Pakistan Telecommunication Limited (PTCL), the country’s oldest telecom service provider, is facing immense difficulties in managing its finances as its subsidiary, Ufone, continues to pile on significant losses. Therefore, it is time that the state-owned telecom giant takes corrective measures for better financial performance and contributes to the national exchequer.
PTCL held a monopoly on telecom services in Pakistan from 1947 to 1989, after which competitors entered the market due to the emergence of mobile telecommunications. In 2000, PTCL launched Ufone as its own mobile service provider. Later, in July 2005, Etisalat acquired a 26% stake with management control in PTCL for $2.6 billion, while around $800 million of that amount is still outstanding, due to the dispute between Etisalat and the government of Pakistan.
PTCL’s recent financial performance
PTCL, on a standalone basis, posted revenue of Rs 22.95 billion, growing at 17.1% in Q1 2023 compared to the same period last year, driven by growth in carrier & wholesale and broadband segments, an operating profit of Rs 1.5 billion, and net profit of Rs 5.5billion, attributed to an increase in non-operating income, network upgradation, and fiberization.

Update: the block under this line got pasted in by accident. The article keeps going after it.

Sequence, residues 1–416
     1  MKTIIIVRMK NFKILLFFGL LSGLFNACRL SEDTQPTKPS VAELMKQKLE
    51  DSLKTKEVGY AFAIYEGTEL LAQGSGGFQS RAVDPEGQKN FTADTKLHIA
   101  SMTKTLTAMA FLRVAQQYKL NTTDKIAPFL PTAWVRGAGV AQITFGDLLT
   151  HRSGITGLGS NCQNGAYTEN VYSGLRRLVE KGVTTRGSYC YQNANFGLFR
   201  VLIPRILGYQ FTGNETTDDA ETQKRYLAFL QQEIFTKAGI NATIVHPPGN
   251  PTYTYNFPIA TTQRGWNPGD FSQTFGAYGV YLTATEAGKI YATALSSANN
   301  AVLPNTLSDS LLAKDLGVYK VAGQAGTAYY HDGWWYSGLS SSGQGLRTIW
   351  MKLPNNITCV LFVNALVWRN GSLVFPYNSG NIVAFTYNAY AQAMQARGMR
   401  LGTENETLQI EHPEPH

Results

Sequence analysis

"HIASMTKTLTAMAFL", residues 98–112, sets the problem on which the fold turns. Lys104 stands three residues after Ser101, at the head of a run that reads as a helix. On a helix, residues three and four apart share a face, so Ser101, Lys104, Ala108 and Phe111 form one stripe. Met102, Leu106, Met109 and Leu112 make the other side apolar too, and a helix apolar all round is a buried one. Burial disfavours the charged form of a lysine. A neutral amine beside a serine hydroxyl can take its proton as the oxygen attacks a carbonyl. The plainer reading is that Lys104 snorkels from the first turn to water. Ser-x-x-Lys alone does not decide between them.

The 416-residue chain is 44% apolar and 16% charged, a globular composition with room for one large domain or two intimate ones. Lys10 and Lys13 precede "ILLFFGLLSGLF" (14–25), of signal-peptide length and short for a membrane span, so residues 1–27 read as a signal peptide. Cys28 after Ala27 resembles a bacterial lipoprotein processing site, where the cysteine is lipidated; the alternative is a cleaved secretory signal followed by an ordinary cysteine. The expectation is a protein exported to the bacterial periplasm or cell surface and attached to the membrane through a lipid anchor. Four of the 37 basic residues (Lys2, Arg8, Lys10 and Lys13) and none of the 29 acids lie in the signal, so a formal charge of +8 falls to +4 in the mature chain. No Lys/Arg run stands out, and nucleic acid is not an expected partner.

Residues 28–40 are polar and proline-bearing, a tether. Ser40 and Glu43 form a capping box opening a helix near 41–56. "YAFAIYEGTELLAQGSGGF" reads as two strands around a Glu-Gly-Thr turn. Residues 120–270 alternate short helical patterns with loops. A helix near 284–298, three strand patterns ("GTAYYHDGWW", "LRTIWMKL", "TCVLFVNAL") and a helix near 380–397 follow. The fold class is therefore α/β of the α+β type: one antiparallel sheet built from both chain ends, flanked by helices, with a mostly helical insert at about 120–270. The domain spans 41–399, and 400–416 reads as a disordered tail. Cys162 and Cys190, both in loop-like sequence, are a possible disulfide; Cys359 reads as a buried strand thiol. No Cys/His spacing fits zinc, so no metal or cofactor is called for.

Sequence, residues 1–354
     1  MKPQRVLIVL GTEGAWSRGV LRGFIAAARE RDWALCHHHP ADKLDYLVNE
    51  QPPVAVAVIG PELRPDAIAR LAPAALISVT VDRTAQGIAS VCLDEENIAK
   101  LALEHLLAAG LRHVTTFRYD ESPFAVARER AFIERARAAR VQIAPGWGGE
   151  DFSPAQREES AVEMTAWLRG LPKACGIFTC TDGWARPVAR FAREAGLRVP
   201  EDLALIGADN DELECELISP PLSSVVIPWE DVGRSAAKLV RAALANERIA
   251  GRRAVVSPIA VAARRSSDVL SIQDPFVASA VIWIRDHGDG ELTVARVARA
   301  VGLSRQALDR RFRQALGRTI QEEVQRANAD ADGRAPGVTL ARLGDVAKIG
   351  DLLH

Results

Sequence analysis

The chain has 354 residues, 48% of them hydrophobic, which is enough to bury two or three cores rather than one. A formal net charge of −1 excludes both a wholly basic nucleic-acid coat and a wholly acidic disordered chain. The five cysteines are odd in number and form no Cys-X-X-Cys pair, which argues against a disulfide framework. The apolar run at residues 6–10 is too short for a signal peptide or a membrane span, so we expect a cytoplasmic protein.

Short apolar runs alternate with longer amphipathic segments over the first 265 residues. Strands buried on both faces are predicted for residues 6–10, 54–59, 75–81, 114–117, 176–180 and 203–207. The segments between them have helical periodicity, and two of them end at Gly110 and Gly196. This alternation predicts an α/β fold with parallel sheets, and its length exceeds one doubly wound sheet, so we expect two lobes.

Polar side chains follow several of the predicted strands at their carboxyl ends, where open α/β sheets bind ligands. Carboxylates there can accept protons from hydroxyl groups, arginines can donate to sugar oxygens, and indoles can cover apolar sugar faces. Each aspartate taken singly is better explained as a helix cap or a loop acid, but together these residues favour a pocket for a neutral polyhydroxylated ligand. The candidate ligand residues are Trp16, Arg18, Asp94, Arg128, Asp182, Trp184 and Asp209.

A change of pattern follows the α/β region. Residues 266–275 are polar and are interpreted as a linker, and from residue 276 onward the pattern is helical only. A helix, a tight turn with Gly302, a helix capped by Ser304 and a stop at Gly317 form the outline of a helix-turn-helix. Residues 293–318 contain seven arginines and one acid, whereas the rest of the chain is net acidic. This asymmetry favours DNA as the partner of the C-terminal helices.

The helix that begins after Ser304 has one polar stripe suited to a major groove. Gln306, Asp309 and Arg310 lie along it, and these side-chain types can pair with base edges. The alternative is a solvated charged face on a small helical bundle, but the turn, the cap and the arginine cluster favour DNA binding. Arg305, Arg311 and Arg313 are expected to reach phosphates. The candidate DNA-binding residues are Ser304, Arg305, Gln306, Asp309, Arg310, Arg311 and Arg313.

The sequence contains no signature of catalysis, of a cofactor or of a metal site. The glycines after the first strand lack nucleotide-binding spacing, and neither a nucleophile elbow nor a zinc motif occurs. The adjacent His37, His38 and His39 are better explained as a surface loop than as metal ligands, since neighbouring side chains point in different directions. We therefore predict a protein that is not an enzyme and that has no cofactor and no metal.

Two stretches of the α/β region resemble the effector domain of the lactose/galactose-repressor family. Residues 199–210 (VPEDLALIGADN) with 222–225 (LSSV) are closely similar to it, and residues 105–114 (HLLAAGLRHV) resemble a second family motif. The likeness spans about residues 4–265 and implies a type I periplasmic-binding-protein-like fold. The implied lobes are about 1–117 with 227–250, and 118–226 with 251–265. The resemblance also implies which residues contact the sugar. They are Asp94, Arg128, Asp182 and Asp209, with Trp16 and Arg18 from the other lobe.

Meanwhile, Ufone experienced 20% revenue growth in Q1 2023 compared to Q1 2022, and achieved a milestone with 24 million subscribers, resulting in a 0.4% increase in market share, but remained a loss-making entity. The third major subsidiary, UBank, saw a 73.0% growth in quarterly revenue.
PTCL group, however, even after clocking in Rs 43.2 billion in the first quarter of 2023, experienced a net loss of Rs 5.7 billion. Primarily because of the losses incurred by its Wireless Cellular wing, Ufone.
Source: Group Financials
On the contrary, as per Veon’s trading update, “Jazz delivered double-digit growth in both revenue and EBITDA, and gained further market share. Total revenues rose by 16.0% YoY in 1Q23, as Jazz continued to gain market share. This double-digit revenue growth was enabled by disciplined inflationary pricing as Jazz successfully executed its digital operator strategy. It was also strengthened by encouraging momentum in our financial services offering, with robust increases in service revenues for both JazzCash (+65.3% YoY) and Mobilink Microfinance Bank (+71.0% YoY). EBITDA rose by 12.0% YoY on the back of the double-digit top-line growth despite the challenging macroeconomic environment.”